Linux Mint 19.2 Install of Netgear A-7000 USB 3.0 Wireless adapter

The following outlines the procedure to install the “rtl8814au” driver for Linux Mint 19.2

The kernel recommended is 5.0 or greater.

sudo apt install build-essential
sudo apt install bc
sudo apt install linux-headers-$(uname -r)
sudo apt install git dkms
sudo apt update && sudo apt upgrade
git clone
cd rtl8814au
sudo make install
sudo cp -R . /usr/src/rtl8814au-4.3.21
sudo dkms build -m rtl8814au -v 4.3.21
sudo dkms install -m rtl8814au -v 4.3.21

Fedora 18 firewall.

I upgraded to Fedora 18.  Then verified my web server was running.  Then attempted to visit this site.  I was not able to.    The problem was the new firewall daemon in Fedora 18.   Despite the config file indicating that port 80 was open for http traffic, it was not.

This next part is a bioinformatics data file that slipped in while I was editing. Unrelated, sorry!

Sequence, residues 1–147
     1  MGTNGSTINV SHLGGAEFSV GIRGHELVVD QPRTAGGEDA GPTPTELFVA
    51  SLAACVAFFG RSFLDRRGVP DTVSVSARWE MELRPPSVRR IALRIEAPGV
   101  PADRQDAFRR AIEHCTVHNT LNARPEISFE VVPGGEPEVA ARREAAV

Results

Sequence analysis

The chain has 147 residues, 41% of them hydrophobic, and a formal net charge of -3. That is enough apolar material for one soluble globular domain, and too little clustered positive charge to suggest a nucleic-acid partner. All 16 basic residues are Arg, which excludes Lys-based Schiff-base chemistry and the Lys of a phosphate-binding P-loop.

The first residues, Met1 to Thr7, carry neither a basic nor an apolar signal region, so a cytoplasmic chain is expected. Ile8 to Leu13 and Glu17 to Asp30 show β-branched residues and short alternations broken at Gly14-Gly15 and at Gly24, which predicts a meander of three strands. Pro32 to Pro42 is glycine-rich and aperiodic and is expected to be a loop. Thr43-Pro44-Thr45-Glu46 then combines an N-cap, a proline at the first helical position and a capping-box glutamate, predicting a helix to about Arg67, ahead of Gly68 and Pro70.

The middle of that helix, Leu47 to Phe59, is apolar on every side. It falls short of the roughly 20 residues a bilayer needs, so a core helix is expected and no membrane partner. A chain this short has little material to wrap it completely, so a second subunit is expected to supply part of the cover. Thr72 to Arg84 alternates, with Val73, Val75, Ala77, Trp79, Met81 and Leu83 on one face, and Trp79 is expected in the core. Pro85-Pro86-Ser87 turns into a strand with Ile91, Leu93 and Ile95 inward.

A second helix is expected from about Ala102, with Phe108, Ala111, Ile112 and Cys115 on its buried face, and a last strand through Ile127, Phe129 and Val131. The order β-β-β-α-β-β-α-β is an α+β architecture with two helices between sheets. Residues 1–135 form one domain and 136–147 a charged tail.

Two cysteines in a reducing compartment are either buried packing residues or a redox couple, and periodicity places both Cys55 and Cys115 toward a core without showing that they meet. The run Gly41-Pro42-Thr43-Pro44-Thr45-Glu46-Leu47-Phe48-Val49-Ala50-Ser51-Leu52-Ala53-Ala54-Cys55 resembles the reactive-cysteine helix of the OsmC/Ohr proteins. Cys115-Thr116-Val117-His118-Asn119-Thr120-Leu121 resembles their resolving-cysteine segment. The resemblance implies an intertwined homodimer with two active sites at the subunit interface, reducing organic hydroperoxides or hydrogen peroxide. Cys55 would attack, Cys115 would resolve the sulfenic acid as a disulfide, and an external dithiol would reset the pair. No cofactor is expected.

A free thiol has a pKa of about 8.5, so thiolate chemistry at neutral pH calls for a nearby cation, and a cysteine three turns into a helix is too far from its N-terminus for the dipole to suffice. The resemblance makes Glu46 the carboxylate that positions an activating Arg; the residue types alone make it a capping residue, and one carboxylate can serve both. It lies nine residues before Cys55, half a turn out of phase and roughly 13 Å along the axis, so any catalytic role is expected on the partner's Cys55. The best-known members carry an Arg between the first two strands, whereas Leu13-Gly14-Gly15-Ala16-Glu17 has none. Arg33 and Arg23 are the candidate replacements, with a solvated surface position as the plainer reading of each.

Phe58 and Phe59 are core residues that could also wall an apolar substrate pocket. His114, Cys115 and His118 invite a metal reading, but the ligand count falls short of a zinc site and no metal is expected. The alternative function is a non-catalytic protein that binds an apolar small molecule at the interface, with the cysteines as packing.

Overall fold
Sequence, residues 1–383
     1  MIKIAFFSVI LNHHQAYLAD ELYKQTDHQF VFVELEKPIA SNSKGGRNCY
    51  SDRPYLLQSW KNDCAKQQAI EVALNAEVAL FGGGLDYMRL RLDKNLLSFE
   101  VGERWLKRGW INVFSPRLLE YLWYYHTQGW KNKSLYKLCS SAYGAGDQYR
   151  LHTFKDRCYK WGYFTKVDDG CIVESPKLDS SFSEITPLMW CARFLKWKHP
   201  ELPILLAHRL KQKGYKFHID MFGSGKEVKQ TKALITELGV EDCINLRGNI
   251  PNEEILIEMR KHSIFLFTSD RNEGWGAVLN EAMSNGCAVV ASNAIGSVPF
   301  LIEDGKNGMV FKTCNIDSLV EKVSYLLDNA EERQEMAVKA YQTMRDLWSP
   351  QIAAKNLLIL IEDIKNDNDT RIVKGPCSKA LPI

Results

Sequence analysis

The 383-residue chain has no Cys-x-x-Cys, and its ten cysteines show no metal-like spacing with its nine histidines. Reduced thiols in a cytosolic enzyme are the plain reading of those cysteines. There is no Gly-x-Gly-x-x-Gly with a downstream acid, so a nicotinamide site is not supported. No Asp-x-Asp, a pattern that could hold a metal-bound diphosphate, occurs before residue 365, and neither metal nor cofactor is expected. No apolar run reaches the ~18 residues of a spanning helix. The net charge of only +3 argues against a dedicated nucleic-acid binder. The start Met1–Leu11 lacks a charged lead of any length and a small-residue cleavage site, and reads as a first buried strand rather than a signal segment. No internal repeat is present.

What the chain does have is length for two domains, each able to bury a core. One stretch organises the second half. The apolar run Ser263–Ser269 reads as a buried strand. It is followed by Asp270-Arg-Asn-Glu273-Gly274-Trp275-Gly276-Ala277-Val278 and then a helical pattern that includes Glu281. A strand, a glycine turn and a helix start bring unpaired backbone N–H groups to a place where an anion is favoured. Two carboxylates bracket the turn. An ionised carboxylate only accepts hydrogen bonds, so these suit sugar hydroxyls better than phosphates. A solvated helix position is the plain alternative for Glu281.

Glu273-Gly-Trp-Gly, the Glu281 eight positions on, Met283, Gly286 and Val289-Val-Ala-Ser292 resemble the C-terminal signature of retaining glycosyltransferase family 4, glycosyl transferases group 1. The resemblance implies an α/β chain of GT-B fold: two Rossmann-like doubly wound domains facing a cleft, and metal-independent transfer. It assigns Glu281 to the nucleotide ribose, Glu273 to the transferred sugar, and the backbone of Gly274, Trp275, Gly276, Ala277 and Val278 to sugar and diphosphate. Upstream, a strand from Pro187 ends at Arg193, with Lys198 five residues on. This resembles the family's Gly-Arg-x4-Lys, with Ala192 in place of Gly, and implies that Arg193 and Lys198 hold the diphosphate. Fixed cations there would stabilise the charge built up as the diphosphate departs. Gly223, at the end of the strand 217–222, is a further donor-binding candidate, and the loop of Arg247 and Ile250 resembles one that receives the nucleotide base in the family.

I had to install firewall-config.

yum install -y firewall-config

Then I used firewall-config enable traffic for port 80.  This solved the problem.

Apache web server 2.4 on Fedora 18

I recently upgraded my web server system from Fedora 17 to Fedora 18.  I used fedup to do so.  The upgrade went fairly smooth.

A couple days later I noticed that Apache ( httpd ) was not running.   In the course of trouble shooting I had to disable selinux.    When I enabled selinux again, there was a new issue.

The first issue I noticed is that by default, the ServerName directive in the apache config (httpd.conf) file is remarked out.

The error shows up as the following in your /var/log/httpd/error_log file.

Could not reliably determine the server’s fully qualified domain name

The solution for that error is to edit your /etc/httpd/conf/httpd.conf file.

Change the line (line 95 in my file) that reads



ServerName localhost

The next error:

No such file or directory: AH01762: Failed to create shared memory segment on file /run/httpd/authdigest_shm